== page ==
Social media managers have to look at stats and measure results. Most of us don’t need to. Huddling over our phones waiting for likes and comments is pathetic and desperate, and nearly everybody does it sometimes. Non-striving may mean trying to share from a place of really contributing and adding value to the conversation – of actually having something to say instead of just making noise out of a need for affirmation or applause. It’s a tricky balancing act, this non-striving business – and it’s the absolute opposite of not trying at all.
‘Mindfulness is a practice without judgment. The goal is to become an unbiased, impartial witness to your own thoughts and experiences by focusing on the present moment.’
Social media is a notoriously judgy place. Even “liking” something is a judgement. Being entirely without discernment is not a worthy goal for any moral human being, but non-judging as an attitude we can apply to our own experience in a particular moment gives us time to arrive at a considered position. Quite often the urge is to rush to judge without all the information – it’s an easy reflex to pile on, follow the crowd or seek attention. Even suspending judgement for a few moments gives room for us to pause and notice our own triggers, motivations and nervous system overloads.
Similarly, non-judging is an attitude we can adopt when we look back on our horrifically earnest early Facebook posts. Cringe. Compassion please, even towards ourselves.
‘Trust is central to mindfulness. Through mindfulness, you can learn to trust yourself and your feelings.’
This is a hard one. Trust in what? Trust in the fact that even if you get doxed or cancelled, the world will keep on spinning? But there’s something in the idea of trusting that if we are sharing from a sincere place we will find like-minded people.
As marketing guru and thought leader Seth Godin likes to say, success is all about finding the minimum viable audience for whatever it is that you’re selling. Having a million unengaged followers is nowhere near as good as having 200 serious buyers or readers. Work out what your minimum viable audience is, and focus on adding value to their lives.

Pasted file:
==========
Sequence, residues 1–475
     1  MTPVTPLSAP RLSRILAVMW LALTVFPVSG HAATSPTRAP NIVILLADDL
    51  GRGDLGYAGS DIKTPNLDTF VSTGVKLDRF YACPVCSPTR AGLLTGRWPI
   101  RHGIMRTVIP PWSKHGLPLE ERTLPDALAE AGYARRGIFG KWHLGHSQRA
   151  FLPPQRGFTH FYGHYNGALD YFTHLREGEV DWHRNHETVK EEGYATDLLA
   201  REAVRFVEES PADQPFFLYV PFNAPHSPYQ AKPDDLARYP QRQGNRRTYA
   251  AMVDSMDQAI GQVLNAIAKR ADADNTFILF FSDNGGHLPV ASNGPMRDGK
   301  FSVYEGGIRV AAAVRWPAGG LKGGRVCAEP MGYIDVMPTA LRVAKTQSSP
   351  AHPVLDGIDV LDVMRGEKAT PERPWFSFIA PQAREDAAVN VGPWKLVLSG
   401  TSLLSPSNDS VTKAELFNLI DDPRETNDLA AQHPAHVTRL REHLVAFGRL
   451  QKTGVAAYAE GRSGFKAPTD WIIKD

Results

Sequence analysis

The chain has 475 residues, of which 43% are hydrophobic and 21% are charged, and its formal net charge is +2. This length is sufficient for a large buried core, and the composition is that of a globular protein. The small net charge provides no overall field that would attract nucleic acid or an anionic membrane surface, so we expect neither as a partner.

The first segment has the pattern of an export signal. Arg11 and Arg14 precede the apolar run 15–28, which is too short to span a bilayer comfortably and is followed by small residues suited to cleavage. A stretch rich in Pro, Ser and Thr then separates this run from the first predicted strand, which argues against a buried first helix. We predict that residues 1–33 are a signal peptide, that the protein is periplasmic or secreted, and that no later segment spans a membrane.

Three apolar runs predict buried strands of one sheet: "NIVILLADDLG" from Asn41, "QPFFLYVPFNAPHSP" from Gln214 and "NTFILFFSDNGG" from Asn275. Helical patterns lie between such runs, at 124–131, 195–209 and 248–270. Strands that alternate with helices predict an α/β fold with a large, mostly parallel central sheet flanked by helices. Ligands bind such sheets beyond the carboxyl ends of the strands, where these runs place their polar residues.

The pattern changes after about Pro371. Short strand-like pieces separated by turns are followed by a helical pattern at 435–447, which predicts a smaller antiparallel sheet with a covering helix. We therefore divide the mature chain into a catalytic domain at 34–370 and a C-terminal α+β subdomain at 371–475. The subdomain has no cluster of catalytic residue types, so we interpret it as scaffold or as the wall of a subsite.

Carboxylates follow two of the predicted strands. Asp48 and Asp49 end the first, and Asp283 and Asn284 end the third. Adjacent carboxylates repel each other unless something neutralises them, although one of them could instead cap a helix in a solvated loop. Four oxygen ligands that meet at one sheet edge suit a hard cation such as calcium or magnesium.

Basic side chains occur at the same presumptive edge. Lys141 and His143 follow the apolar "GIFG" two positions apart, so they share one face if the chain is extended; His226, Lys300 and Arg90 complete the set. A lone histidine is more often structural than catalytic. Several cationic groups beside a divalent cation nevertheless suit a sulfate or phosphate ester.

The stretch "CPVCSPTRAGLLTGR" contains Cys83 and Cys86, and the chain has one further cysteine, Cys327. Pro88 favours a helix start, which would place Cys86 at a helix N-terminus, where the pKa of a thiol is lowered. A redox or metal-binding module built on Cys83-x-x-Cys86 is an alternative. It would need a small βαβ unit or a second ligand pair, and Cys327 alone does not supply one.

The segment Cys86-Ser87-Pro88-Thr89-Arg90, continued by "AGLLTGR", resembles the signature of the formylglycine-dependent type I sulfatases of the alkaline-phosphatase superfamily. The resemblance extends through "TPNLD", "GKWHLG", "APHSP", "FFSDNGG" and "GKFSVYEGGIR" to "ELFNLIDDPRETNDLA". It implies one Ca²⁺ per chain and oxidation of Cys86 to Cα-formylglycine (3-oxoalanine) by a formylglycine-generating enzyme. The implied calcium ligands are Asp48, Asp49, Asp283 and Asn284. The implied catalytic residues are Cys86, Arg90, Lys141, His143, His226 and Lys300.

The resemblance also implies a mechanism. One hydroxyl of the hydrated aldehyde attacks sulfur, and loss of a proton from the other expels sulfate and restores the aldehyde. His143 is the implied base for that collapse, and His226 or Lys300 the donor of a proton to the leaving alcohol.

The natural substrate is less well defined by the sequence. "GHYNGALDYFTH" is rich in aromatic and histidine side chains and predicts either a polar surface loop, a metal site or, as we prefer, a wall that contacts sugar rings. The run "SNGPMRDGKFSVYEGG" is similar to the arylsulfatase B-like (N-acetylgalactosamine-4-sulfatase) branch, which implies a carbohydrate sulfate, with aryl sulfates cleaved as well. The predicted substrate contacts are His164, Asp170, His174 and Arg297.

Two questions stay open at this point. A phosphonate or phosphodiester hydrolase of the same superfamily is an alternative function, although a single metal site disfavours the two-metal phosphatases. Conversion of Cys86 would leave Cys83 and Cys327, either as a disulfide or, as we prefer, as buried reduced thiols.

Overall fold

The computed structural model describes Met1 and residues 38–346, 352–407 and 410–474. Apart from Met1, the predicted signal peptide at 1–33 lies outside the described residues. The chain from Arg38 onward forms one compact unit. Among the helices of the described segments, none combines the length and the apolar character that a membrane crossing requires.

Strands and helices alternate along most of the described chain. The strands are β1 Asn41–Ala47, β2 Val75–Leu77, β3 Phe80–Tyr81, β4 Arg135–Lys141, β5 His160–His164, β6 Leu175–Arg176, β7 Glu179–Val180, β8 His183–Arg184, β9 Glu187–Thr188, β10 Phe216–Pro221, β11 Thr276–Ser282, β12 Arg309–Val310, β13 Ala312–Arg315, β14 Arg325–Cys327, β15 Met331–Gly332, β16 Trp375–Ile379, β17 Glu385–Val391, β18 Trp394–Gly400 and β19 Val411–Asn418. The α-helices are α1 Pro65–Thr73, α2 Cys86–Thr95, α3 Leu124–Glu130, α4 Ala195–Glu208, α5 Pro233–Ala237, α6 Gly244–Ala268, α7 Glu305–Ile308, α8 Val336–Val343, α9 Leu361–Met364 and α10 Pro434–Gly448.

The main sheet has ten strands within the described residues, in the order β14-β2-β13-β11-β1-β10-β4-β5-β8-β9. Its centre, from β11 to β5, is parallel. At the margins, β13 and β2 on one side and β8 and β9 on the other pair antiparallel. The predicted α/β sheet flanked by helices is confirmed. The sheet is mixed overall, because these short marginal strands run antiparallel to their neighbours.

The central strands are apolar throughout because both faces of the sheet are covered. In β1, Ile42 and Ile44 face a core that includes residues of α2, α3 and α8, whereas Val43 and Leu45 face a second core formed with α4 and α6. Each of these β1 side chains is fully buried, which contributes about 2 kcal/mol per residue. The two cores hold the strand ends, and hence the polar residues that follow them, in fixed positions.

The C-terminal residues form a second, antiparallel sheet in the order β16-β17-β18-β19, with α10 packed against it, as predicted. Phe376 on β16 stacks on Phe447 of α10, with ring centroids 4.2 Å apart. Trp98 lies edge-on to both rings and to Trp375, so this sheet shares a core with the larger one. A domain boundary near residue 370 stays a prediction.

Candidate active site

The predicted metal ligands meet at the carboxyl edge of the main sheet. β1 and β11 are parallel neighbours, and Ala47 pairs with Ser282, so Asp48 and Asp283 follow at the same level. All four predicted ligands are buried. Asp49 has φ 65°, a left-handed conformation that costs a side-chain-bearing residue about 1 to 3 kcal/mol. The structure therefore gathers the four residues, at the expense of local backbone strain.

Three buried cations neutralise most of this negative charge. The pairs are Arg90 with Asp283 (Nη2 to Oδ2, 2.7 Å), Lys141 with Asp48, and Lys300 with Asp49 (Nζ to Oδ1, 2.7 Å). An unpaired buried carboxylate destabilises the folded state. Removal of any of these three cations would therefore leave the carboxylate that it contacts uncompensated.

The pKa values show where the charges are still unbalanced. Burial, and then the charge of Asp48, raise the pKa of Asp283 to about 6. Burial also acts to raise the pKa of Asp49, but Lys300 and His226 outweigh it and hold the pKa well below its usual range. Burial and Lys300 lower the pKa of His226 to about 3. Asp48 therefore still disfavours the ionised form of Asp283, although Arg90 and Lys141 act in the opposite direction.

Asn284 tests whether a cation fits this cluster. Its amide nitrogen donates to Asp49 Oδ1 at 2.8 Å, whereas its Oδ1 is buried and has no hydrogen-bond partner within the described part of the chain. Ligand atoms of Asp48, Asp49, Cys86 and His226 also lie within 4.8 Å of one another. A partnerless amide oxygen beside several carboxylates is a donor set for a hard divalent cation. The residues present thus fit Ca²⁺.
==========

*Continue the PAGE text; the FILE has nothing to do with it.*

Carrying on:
As Godin writes:
‘Two things happen when you delight your minimum viable audience:
- you discover it’s a lot larger group than you expected, and
- they tell the others.
On the other hand, if you aim for mass (another word for average), you’ll probably create something average. Which gets you not very far.’
Another way of looking at trust is that trusting our own feelings may lead you to a personal truth: that it’s time to log out for a while or put your phone in the freezer.
‘Acceptance is being open and receptive to your thoughts and feelings, whatever they may be.’
It’s painful when social media goes wrong or doesn’t work the way we’d hoped. But resistance to the facts only creates more pain around the original wound. Let it be. Do something else.
I once spent hours aggressively “reporting” ads on Instagram, tagging them as “offensive” because I was so angry at the increasingly avaricious business model. How much better it would have been to put my phone down, go for a walk or write a poem.
7. Letting go
Kabat-Zin’s website says: ‘If you practise mindfulness regularly, you’ll likely begin to notice common thought patterns. Letting go is the act of recognising these thought patterns, whether negative or positive, observing them as they are, and then letting them go.’
This attitude asks us to consider how attached we are to our social media feeds and profiles. Letting go may mean treating it all as a game: playing to win, but without seriousness. An attitude of playful curiosity can serve us well here. But again, letting go may mean really, literally letting it go and shutting social media activity down completely.
Asserting our agency in the face of abusive technology is still a very real option, thank goodness.
Good luck in finding your sweet spot!
But wait… learn how to use social media to promote your creative business
Assuming you haven’t deleted all your apps in search of inner peace, don’t forget to tune in to ArtsHub‘s free webinar to learn how to use social media effectively for your arts practice or organisation.
The latest free webinar in the Creative Exchange program, co-produced by ArtsHub and Creative Victoria, sees a trio of panellists (Atong Atem, John Burgess and Anna Horan), moderated by Kate Mulqueen, all ‘sharing their know-how to assist you in picking the right platforms, amassing followers and getting cut-through in an increasingly cluttered and ever-changing social media landscape.’ Register here for the event to be held: 11am to 12 noon, Thursday 30 November 2023 or catch it later online.